Wednesday, July 29, 2009

After a night in Anchorage at the Captain Cook Hotel (very swanky), we took a short train ride down to Whittier to put our luggage aboard the Diamond Princess for departure that evening.

Whittier is an interesting town. The town is dominated by two large buildings, one is where most of the town residents live, the other one abandoned. Wikipedia has this to say:

The Buckner Building is a large abandoned government building in Whittier.

Two factors combine to make safe demolition of the building cost-prohibitive: First, there is a fair amount of asbestos in the building. Second, the only land-route in and out of Whittier is through the Anton Anderson Memorial Tunnel, so debris would either have to go through the tunnel or be moved on ships.

The building is a local hang out for kids, and is often explored by tourists. The safety of the building is marginal, due to the asbestos and questionable structural integrity. Bears are often found inside the building in the spring, and it is full of ice and precariously dangling pipes, wires, and substructure. The floor is almost completely flooded, with at least one inch or more of water on each level.

Excuse me? "local hang out for kids" and "bears often found inside" would seem to be mutually exclusive, but that's just me. Gotta love Alaskans.

We had about 7 hours before we had to be on board for departure, so we decided to hike up to Whittier Glacier.

See that little white boat? That's where we started walking from, hours ago and before much lactic acid poisoning. The view was worth it though. Peaceful and beautiful.

Sunday, July 26, 2009

Which one's different?

One of these days, we'll talk Greg into getting a Tilley hat.

The Princess Rail car arrives, with the princesses awaiting.
We sat right next to the bar. Adam, with his handlebar moustache took good care of us.

The views for the eight hour train ride were spectacular.

Monday, July 20, 2009

We had reserved some class 3-4 rafting near Denali.

I asked the guide what class this one was, and he said it was a class 4. I told him it didn't look like a class 4, and he said the temperature of the water is a contributing factor. The fact that if you go in the water, you only have a few minutes before hypothermia hits apparently makes them more serious than warm water rapids.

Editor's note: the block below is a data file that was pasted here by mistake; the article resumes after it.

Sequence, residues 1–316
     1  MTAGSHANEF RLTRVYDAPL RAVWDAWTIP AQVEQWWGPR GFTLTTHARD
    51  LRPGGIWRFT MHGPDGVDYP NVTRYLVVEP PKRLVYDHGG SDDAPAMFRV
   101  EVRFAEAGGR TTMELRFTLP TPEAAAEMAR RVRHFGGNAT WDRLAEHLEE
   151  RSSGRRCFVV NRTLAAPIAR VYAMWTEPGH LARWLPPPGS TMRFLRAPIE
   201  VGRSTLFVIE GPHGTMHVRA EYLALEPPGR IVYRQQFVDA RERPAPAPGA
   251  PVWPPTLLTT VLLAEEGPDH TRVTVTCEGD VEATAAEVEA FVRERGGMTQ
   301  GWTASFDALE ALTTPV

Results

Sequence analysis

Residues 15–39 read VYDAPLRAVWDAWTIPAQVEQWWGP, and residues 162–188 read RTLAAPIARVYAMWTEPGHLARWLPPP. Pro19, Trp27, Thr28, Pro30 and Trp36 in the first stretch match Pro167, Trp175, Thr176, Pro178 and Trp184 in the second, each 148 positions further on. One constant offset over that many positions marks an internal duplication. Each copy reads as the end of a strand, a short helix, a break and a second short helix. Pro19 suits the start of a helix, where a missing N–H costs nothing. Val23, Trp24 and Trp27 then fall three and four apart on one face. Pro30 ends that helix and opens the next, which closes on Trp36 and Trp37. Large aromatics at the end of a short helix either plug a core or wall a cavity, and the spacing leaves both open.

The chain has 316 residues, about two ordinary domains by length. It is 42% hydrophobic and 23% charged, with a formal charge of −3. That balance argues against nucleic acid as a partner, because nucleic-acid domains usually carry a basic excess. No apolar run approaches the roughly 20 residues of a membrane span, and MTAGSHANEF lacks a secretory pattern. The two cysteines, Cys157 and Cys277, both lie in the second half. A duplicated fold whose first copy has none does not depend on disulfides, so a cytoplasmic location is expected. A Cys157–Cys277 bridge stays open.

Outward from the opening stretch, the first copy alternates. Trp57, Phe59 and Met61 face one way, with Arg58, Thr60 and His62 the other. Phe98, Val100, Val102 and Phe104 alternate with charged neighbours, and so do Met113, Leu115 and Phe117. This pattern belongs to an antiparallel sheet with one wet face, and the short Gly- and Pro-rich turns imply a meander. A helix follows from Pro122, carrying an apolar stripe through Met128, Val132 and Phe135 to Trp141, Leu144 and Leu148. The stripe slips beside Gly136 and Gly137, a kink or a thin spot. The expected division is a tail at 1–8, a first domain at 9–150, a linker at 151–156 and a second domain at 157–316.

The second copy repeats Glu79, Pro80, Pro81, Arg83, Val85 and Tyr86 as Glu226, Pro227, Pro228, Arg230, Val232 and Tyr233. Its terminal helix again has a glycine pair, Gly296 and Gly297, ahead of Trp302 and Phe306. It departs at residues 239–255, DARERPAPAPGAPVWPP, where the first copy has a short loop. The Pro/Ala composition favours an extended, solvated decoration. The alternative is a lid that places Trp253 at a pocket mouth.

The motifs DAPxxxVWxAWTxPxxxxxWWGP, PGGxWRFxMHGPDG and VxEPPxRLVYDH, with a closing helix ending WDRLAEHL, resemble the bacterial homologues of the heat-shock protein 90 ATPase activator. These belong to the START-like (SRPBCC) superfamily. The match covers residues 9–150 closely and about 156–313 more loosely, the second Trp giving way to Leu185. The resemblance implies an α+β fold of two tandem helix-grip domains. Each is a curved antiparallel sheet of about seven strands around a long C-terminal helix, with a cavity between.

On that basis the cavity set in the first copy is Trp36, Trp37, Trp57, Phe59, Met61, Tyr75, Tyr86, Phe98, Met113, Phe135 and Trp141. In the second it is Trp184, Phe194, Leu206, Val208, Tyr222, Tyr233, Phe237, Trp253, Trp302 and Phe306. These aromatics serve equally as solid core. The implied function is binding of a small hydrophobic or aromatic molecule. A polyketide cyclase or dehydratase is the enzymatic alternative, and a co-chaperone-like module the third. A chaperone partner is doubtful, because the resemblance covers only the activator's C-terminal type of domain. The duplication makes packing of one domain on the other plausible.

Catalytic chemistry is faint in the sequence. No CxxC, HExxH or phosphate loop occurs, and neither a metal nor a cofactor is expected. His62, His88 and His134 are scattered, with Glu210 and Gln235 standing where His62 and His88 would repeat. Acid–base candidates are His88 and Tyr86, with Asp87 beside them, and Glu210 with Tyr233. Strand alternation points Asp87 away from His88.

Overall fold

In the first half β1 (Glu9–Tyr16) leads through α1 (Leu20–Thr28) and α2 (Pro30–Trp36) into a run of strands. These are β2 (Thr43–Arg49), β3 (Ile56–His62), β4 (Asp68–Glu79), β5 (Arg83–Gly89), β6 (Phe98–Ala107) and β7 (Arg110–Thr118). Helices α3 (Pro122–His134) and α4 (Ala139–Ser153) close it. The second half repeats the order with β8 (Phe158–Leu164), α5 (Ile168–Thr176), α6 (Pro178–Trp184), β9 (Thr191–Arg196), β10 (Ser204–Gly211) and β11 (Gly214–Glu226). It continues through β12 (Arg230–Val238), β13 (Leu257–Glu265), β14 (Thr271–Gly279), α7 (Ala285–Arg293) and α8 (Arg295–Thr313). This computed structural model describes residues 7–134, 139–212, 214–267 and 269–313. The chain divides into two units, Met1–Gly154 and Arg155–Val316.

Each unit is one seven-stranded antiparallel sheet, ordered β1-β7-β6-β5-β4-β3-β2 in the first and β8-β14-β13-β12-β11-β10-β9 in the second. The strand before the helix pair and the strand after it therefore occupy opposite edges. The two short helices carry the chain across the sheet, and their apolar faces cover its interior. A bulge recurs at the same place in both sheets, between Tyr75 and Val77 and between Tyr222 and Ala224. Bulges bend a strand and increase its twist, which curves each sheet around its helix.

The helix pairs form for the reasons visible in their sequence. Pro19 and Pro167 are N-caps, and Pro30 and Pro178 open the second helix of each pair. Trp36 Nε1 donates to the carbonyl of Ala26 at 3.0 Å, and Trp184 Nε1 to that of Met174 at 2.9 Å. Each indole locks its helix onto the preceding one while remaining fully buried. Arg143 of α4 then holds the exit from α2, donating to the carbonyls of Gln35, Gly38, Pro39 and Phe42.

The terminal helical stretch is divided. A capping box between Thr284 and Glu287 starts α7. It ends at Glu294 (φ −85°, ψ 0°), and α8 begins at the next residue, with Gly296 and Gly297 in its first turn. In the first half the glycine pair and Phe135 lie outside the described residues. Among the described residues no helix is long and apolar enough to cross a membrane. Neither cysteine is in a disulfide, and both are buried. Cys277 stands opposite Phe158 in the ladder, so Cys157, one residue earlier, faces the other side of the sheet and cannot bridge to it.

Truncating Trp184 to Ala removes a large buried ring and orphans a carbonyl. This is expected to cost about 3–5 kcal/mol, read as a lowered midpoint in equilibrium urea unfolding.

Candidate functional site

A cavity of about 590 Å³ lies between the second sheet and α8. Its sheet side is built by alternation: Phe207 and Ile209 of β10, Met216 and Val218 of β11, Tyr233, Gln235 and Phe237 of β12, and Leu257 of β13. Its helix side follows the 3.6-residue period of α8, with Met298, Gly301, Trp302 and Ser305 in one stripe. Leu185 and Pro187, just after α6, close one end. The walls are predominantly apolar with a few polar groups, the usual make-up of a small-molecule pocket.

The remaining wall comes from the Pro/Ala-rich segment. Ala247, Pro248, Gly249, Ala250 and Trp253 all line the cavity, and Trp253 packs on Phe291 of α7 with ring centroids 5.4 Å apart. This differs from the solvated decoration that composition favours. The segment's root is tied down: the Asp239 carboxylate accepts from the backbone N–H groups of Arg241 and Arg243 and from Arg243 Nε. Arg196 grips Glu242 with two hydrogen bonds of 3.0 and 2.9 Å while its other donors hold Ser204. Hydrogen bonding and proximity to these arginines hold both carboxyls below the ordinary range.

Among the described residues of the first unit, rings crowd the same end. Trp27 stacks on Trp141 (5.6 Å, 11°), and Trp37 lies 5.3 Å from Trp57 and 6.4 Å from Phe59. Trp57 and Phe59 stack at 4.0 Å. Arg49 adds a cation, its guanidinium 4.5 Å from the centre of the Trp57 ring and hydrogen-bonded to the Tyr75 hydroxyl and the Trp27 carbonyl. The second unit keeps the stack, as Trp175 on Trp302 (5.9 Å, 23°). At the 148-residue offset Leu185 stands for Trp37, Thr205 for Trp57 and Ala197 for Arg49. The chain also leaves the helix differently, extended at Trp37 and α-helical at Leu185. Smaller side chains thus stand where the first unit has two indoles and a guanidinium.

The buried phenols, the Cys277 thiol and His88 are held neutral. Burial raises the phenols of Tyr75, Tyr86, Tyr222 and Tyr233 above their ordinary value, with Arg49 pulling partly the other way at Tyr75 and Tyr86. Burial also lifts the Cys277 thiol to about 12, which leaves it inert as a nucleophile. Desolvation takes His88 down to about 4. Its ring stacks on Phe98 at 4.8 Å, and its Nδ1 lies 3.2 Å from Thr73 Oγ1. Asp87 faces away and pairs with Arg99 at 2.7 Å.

Tuesday, July 14, 2009

Athabascan natives with traditional clothing.

A few of the animals that are used for their fur. That is one big wolf! (and a nice wolf skin next to him.)

We had a seaplane take off next to our riverboat. It's a beautiful restored Piper Super Cub.

Upon arrival at Denali, the weather looked a little snowy. This left us a little apprehensive about our planned river rafting trip the following day.

Sunday, July 05, 2009


Upon check-in at our Fairbanks hotel, we formed the "Cool guys with Tilly Hats club." We inducted Bruce, our newest member (on left). He brought up the level of class considerably.

These two gentlemen rolled in on this cold wet evening. They were on their way to Prudhoe bay, over five hundred miles of gravel roads. In the rain. And cold. They are tough guys.

I wandered over to the river, and caught a glimpse of the famous local beaver.

The Fairbanks ice carving museum was next on the agenda. It was a bit chilly. The thermometer is reading 17 degrees.
Then a fine Italian dinner, accompanied by some local beer.
We wanted to walk to a local park, but a friendly native offered us a rider. All seven of us. In her Toyota truck. While we mashed ourselves in, someone asked her if she was comfortable giving a ride to seven strangers. She said, "Sure, I have a gun," and smiled. Then she took a roundabout way because she didn't like the stoplights in downtown. Halfway through, Bruce said, "Uhhh, can we open a window? I'm a little clausterphobic." =:-O

Here is our our savior.